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Charleston School of Law graduates 20 in winter ceremony

Release Date: 12/13/2016

S.C. Court of Appeals Judge Aphrodite Konduros of Greenville today encouraged 20 new graduates of the Charleston School of Law to “maintain an eager mind” by reading constantly.

“Read everything,” she said. “Read bestsellers, periodicals, listservs, Bar publications, your Continuing Legal Education materials - anything. It will all come back to serve you well. It may be the difference in sending away a great case or keeping a bad one because you never heard of the subject matter.”

She also advised the new lawyers to stay up-to-date on current cases, because delays in reading about fresh decisions could have consequences. “It is a bad day when you are asked by a judge how a recent case affects your position and you have not read it,” she said. “You will feel like one of those cartoon characters that turns to liquid and pools on the floor.”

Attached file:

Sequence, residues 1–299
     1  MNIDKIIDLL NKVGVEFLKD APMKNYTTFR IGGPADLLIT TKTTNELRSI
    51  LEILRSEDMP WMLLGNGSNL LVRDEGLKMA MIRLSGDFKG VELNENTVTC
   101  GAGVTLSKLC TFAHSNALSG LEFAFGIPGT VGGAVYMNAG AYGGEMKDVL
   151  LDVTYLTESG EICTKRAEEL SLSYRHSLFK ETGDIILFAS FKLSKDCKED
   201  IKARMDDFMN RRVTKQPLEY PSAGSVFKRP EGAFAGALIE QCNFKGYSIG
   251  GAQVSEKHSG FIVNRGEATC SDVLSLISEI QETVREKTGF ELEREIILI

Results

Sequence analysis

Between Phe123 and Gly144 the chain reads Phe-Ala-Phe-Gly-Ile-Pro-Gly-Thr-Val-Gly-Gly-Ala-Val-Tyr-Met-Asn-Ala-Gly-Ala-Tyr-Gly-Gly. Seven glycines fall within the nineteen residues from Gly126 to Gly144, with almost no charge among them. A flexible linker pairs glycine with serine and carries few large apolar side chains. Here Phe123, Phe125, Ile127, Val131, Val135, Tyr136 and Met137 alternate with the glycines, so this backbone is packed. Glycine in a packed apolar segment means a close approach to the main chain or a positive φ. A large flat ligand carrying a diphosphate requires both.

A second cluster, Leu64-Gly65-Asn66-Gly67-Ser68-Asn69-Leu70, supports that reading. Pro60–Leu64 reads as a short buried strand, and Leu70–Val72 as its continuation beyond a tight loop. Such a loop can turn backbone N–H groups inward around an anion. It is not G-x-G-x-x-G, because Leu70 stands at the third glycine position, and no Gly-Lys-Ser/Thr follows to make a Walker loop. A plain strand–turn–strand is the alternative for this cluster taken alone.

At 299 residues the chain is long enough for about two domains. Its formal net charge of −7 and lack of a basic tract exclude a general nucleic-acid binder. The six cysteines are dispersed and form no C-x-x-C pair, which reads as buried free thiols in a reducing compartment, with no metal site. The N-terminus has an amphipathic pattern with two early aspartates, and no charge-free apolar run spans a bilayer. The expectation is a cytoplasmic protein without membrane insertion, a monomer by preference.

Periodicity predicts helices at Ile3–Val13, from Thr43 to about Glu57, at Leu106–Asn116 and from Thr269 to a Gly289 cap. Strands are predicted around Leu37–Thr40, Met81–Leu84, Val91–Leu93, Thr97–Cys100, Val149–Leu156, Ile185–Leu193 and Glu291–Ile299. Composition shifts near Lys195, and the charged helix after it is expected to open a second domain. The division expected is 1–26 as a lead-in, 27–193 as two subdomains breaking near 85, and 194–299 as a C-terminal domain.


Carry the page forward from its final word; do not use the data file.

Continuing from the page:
During the ceremony, the school conferred juris doctor law degrees on 20 students who completed their studies since August. Konduros also received an honorary doctorate degree.December 2016 graduates

“We are truly honored to have Judge Aphrodite Konduros as our December commencement speaker and honorary degree recipient,” Dean Andy Abrams said today. “Following in the tradition of other great South Carolina leaders like her favorite South Carolinian, John Rutledge, she has a passion for justice and an unshakeable belief in the power of the rule of law.”

In her commencement address, Konduros reflected on the accomplishments of Rutledge, a past governor of South Carolina, chief justice of the U.S. Supreme Court and delegate to the Constitutional Convention of 1787.

“He brought to the Constitutional Convention the idea that our jurisprudence should not be founded solely on English law, but should contain American jurisprudence. What American jurisprudence, they asked?

“Being well-read, he is said to have read lengthy tracts to the Constitutional Convention of the Law of the Six Nations, which was an Iroquois treaty begun as early as the late 1400s. It contained the words, ‘we the people, to form a union, to establish peace, equity and order,’” Konduros said, highlighting similarities in the preamble of the U.S. Constitution.

“Now that's admirable research,” she said. “I expect that from each of you, and you should expect it of yourself.”